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Paramedic credits ASU Online for success

School of Molecular Sciences student David Jacobson reflects on the journey after being accepted into medical school

David Jacobson

June 11, 2020

Achieving your dream takes discipline, perseverance and hard work. Working hard to reach a goal is something ASU Online student and Texas resident David Jacobson knows well.

Jacobson's goal has been to attend the University of Houston College of Medicine and he was excited to learn recently that his application to their program has been successful. He will start in the program this summer.  

Jacobson describes his academic beginnings in 2010 as “less than stellar,” realizing he wasn’t yet ready for the demands of college. Not giving up on his dream to be in medicine, he completed paramedic school and fireman training. Being a paramedic helped teach him discipline and hone the skills necessary to pursue his dream of becoming a medical doctor.

However, before attending medical school, Jacobson realized he would need to earn a bachelor’s degree. Earning a degree while working full time as a paramedic and part time as a paramedic instructor would be challenging.

“I needed a flexible degree program, which is why I decided to pursue my degree online,” Jacobson said.

Jacobson researched degree programs nationwide, focusing on those that met medical-school requirements.

“I called at least two dozen schools," Jacobson said, "but finding an online program that would meet all of the pre-requisites for medical school wasn’t easy. I saw an advertisement from ASU, and after speaking with School of Molecular Sciences Clinical Assistant Professor Ara Austin, I realized that science not only could be done well online, but that it was being done well at Arizona State.”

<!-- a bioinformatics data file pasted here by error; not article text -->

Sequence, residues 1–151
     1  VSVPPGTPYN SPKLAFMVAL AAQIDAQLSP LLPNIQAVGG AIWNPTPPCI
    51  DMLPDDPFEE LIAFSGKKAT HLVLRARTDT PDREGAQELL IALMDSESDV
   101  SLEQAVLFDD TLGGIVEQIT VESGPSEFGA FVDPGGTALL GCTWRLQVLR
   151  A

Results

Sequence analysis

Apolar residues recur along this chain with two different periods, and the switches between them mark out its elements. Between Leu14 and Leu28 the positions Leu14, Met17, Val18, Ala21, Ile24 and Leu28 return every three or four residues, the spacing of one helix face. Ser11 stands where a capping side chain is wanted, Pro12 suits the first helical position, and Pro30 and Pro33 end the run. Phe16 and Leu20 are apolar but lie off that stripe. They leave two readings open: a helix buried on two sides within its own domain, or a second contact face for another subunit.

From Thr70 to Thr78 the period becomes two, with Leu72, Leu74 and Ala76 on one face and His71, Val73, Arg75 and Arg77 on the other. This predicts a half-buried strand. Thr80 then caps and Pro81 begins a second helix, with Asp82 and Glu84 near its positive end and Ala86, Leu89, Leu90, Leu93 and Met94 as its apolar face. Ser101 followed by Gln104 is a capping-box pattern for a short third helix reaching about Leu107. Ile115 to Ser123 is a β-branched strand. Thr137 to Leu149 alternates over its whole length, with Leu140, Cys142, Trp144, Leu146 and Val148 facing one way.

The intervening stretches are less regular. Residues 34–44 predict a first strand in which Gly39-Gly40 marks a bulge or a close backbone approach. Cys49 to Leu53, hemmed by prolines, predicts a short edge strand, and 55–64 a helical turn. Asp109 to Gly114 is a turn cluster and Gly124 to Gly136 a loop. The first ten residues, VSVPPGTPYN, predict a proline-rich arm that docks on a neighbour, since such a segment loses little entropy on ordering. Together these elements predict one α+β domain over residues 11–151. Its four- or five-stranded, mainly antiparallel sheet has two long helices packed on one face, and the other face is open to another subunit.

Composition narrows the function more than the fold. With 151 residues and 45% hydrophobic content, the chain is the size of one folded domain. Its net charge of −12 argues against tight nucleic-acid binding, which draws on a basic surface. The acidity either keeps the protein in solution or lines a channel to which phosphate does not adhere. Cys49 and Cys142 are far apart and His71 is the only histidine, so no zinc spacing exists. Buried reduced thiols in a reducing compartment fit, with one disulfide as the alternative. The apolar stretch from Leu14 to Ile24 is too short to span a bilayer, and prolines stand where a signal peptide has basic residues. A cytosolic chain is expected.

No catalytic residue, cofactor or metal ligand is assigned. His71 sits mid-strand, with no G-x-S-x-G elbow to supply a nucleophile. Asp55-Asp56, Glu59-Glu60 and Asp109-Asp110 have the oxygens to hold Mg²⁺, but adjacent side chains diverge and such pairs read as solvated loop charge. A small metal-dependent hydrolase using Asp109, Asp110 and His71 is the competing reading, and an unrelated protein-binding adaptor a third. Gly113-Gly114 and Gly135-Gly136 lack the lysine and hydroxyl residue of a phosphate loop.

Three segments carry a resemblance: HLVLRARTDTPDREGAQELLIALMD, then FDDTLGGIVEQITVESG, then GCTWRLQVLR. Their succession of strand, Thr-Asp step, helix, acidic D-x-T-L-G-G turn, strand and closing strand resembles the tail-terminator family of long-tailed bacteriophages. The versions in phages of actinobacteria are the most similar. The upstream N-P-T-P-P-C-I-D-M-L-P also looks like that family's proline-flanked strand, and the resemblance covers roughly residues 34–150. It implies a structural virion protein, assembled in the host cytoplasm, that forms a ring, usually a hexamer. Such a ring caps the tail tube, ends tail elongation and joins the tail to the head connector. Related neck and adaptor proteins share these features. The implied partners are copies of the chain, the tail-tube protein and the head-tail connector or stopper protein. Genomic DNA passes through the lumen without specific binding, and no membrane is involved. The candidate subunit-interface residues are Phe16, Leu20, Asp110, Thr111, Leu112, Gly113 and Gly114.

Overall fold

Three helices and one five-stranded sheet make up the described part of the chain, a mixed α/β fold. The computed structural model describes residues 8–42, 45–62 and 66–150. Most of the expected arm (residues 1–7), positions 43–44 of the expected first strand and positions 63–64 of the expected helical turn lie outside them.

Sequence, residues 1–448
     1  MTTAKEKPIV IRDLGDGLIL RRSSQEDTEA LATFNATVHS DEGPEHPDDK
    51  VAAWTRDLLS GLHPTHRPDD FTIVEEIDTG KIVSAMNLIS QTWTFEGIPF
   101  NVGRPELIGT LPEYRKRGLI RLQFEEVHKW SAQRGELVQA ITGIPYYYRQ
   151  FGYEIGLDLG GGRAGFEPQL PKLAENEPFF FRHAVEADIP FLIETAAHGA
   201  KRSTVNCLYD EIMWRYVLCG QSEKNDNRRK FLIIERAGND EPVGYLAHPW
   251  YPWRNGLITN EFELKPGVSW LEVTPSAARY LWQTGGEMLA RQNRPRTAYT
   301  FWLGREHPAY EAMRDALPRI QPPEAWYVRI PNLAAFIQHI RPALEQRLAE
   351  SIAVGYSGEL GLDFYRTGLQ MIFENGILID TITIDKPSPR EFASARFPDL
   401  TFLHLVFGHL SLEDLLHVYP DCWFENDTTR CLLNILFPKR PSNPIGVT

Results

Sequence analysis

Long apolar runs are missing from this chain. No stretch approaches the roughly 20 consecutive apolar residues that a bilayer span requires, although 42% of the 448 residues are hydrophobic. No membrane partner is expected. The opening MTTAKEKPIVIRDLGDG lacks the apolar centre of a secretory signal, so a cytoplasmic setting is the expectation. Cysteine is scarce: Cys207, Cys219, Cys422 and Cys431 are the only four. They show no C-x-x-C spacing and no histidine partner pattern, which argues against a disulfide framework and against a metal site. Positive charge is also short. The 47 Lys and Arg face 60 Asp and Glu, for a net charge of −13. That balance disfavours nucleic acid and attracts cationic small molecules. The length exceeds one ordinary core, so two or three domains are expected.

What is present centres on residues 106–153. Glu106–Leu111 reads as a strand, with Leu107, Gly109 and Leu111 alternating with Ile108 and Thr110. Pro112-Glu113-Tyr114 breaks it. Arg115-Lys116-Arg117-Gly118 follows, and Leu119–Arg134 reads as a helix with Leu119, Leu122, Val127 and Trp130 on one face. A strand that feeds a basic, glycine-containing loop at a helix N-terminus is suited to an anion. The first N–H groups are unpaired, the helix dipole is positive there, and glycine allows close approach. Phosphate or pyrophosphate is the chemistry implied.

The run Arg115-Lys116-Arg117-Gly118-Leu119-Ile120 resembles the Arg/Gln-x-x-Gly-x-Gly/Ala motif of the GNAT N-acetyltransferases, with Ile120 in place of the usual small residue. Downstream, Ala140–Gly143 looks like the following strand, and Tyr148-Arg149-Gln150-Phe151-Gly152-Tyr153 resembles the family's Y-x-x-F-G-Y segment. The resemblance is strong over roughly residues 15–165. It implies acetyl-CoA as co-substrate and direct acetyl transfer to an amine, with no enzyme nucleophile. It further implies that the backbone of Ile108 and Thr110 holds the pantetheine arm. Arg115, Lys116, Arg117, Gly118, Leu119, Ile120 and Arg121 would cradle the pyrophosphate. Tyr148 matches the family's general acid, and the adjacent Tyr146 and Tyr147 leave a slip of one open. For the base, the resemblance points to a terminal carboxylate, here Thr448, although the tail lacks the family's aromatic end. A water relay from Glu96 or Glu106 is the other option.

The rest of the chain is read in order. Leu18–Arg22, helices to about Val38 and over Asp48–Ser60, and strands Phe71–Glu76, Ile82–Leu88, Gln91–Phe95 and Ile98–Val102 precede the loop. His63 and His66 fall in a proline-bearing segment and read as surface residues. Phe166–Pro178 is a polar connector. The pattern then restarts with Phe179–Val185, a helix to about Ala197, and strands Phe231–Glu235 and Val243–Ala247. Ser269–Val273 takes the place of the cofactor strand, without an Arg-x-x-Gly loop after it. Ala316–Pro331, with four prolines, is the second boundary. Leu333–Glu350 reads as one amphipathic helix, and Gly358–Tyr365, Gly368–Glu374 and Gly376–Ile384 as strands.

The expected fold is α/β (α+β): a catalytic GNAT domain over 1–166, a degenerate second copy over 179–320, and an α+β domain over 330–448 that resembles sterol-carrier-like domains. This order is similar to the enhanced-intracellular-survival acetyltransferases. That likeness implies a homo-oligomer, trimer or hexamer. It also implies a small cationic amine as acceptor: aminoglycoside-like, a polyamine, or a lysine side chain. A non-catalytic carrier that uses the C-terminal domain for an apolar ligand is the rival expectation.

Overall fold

Jacobson has found ASU’s online program both challenging and rewarding, especially while working up to 65 hours per week.

“Once I set a schedule and stuck to it, things got easier,” Jacobson said.

Being able to adjust the playback speed of recorded lectures helped Jacobson make the most of his time. He sped up lectures when familiar with the material and slowed them down or replayed them when the concepts were challenging. What he found most helpful, however, were the instructors. 

"When I started online school, the amount of time I was putting in was enormous,” Jacobson said. “However, when I started attending office hours the instructors helped me understand where I was struggling. I began to understand more and use my time more efficiently and effectively.”

Jacobson credits his success to many of his ASU professors.

“Professor (Ian) Gould went above and beyond in office hours. All of my teachers — Ashli Morgan, Gary Cabirac and Scott Lefler, as well as others — answered my questions and made sure I understood the concepts. The conversations I had with them, as well as with Ara Austin and Kirstin Hendrickson, went beyond the class and deeper into the subject matter.”

Looking back over his journey at ASU, Jacobson admits it hasn’t been a solo journey.

“You have to have a community of support, and I had that at ASU. My fellow students provided peer support through study groups. The professors were supportive. Most of all, my wife has been my biggest cheerleader.”

Laughing, Jacobson said, “I was so excited about what I was learning; I would drive my wife crazy talking about biochemistry.”

Jacobson’s advice for students: “Attend class, utilize office hours and have a support system. Most of all, appreciate the opportunity you have and don’t waste it.

"I consider myself fortunate to have been part of the SMS biochemistry program. I have to thank every single professor and classmate I’ve had along the way to achieving my dream.”

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